Skrdla PJ. Use of dispersive kinetic models for nucleation and denucleation to predict steady-state nanoparticle size distributions and the role of Ostwald ripening. J Phys Chem C. 2012;116:214–25.CrossRefGoogle Scholar
  11. 11.
    Ochi M, Kawachi T, Toita E, Hashimoto I, Yuminoki K, Onoue S, et al. Development of nanocrystal formulation of meloxicam with improved dissolution and pharmacokinetic behaviors. Int J Pharm. 2014;474:151–6.CrossRefGoogle Scholar
  12. 12.
    Junghanns J-UAH, Müller RH. Nanocrystal technology, drug delivery and clinical applications. Int J Nanomedicine. 2008;3:295–310.PubMedPubMedCentralGoogle Scholar
  13. 13.
    Talapin DV. Introduction: nanoparticle chemistry. Chem Rev. 2016;116:10343–5.CrossRefGoogle Scholar
  14. 14.
    Voorhees PW. The theory of Ostwald ripening. J Stat Phys. 1985;38:231–52.CrossRefGoogle Scholar
  15. 15.
    Vekilov PG. Nucleation. Cryst Growth Des. 2010;10:5007–19.CrossRefGoogle Scholar
  16. 16.
    Atkinson JD, Murray BJ, Woodhouse MT, Whale TF, Baustian KJ, Carslaw KS, et al. The importance of feldspar for ice nucleation by mineral dust in mixed-phase clouds. Nature. 2013;498:355–8.CrossRefGoogle Scholar
  17. 17.
    Rabinow BE. Nanosuspensions in drug delivery. Nature Rev. 2004;3:785–96.Google Scholar
  18. 18.
    Peng X, Wickham J, Alivisatos P. Kinetics of II-VI and III-V colloidal semiconductor nanocrystal growth: “focusing” of size distributions. J Am Chem Soc. 1998;120:5343–4.CrossRefGoogle Scholar
  19. 19.
    Yin Y, Alivisatos P. Colloidal nanocrystal synthesis and the organic-inorganic interface. Nature. 2005;437:664–70.CrossRefGoogle Scholar
  20. 20.
    Liu Y, Kathan K, Saad W, Prud’homme RK. Ostwald ripening of β-carotene nanoparticles. Phys Rev Lett. 2007;98:036102.CrossRefGoogle Scholar
  21. 21.
    Harada M, Katagiri E. Mechanism of silver particle formation during photoreduction using in situ time-resolved SAXS analysis. Langmuir. 2010;26:17896–905.CrossRefGoogle Scholar
  22. 22.
    LaMer VK. Nucleation in phase transitions. Ind Eng Chem. 1952;44:1270–7.CrossRefGoogle Scholar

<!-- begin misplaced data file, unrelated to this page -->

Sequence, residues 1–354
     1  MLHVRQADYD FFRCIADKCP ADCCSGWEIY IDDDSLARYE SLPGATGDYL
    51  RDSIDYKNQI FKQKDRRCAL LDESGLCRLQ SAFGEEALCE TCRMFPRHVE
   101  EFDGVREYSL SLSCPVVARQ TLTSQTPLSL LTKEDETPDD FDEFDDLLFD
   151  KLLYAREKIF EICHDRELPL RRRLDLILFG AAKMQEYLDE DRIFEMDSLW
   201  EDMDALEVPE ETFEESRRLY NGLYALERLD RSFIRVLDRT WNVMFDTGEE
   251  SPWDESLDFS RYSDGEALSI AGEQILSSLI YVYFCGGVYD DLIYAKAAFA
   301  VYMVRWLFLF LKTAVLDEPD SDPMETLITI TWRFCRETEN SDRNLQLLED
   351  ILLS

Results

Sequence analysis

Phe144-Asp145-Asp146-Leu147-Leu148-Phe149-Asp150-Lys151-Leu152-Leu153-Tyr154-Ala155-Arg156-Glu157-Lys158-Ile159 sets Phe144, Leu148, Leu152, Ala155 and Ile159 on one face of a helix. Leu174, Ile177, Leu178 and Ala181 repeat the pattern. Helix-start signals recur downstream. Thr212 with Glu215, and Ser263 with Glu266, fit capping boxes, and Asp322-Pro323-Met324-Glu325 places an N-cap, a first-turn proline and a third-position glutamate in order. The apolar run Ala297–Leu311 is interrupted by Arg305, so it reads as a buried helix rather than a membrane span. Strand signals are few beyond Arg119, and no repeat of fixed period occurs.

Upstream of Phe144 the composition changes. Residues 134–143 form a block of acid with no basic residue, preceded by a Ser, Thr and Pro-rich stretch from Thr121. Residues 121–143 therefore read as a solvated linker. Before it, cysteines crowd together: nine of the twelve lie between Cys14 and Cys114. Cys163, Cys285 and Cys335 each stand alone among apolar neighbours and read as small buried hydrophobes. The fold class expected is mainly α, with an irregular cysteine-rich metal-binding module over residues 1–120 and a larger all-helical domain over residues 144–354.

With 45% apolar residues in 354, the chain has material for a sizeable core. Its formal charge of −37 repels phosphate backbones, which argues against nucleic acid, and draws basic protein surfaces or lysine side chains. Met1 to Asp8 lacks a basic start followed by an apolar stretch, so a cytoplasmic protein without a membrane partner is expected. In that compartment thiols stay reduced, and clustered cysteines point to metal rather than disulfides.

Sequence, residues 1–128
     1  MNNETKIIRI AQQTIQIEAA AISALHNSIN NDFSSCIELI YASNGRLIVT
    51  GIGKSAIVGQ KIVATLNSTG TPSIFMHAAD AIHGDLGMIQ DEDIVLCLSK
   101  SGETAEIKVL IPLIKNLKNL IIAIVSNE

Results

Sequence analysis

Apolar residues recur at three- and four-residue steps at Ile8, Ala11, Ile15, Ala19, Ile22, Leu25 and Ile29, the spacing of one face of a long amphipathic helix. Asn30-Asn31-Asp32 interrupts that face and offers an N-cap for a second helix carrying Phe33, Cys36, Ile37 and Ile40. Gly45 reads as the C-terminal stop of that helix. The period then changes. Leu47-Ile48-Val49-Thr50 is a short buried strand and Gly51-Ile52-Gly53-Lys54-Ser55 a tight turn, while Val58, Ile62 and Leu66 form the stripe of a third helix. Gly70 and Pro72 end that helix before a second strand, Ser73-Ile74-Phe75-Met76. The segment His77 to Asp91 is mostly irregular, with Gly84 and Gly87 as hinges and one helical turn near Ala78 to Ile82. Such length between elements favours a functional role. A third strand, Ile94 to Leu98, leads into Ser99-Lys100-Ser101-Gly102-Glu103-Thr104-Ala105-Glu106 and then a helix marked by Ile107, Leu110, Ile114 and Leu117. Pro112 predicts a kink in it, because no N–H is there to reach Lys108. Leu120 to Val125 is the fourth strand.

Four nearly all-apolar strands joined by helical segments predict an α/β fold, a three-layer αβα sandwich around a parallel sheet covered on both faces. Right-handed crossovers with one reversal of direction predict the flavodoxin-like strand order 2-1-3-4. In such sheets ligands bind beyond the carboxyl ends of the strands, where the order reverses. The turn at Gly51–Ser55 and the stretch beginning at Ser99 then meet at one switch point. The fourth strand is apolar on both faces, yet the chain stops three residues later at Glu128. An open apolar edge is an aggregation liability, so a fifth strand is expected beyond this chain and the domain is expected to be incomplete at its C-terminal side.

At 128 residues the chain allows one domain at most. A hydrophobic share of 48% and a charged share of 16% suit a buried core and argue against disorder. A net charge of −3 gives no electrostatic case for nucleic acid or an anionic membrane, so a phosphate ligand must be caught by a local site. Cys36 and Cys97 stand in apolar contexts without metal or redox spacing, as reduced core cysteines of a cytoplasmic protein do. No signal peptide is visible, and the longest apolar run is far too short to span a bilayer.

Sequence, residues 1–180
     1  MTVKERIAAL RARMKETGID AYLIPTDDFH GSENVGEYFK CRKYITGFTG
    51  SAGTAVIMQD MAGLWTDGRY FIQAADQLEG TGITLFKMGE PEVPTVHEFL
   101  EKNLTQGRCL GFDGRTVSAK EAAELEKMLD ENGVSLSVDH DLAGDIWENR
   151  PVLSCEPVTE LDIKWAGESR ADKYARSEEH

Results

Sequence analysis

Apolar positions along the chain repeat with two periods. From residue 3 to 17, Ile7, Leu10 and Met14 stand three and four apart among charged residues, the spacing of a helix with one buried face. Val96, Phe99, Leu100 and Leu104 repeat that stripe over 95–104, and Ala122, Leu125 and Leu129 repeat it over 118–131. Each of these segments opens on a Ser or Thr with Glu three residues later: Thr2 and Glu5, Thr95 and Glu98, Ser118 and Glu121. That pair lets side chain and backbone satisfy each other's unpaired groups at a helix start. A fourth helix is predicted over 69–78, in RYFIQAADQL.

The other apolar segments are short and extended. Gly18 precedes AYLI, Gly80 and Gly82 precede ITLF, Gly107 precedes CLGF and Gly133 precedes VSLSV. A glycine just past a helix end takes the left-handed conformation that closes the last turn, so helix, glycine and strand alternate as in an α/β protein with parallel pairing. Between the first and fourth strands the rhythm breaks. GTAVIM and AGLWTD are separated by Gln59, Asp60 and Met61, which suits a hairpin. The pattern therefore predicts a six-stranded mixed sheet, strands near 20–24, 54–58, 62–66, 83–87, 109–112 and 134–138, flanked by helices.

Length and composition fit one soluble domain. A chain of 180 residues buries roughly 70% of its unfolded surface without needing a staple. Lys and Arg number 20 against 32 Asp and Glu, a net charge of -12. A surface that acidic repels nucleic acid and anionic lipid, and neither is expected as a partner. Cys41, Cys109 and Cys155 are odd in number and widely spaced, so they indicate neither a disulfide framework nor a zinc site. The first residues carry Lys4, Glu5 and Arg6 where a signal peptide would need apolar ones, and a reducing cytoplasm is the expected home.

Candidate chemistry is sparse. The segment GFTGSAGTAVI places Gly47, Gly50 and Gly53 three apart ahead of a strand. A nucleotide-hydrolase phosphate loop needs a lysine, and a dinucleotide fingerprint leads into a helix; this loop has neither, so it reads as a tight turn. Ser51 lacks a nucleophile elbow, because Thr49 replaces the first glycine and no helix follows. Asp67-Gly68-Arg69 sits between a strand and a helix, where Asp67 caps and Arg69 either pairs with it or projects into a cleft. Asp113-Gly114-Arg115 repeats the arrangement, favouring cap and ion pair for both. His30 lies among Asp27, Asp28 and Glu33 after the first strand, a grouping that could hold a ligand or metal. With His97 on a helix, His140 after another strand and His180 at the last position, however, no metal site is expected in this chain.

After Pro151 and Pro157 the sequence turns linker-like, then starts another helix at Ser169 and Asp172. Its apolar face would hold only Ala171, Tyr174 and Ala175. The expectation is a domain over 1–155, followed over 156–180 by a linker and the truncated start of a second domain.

23. 23.
    Tanh NTK, Maclean N, Mahiddine S. Mechanisms of nucleation and growth of nanoparticles in solution. Chem Rev. 2014;114:7610–30.CrossRefGoogle Scholar
  24. 24.
    Talapin DV, Rogach AL, Haase M, Weller H. Evolution of an ensemble of nanoparticles in a colloidal solution: theoretical study. J Phys Chem B. 2001;105:12278–85.CrossRefGoogle Scholar
  25. 25.
    Sugimoto T. General kinetics of Ostwald ripening of precipitates. J Colloid Interface Sci. 1978;63:16–26.CrossRefGoogle Scholar
  26. 26.
    Lovette MA, Browning AR, Griffin DW, Sizemore JP, Snyder RC, Doherty MF. Crystal shape engineering. Ind Eng Chem Res. 2008;47:9812–33.CrossRefGoogle Scholar
  27. 27.
    Niwa T, Miura S, Danjo K. Universal wet-milling technique to prepare oral nanosuspension focused on discovery and preclinical animal studies – development of particle design method. Int J Pharm. 2011;405:218–27.CrossRefGoogle Scholar
  28. 28.
    Gaumet M, Vargas A, Gurny R, Delie F. Nanoparticles for drug delivery: the need for precision in reporting particle size parameters. Eur J Pharm Biopharm. 2008;69:1–9.CrossRefGoogle Scholar

Copyright information

© American Association of Pharmaceutical Scientists 2019

Authors and Affiliations

  1. 1.GlaxoSmithKlineCollegevilleUSA

Personalised recommendations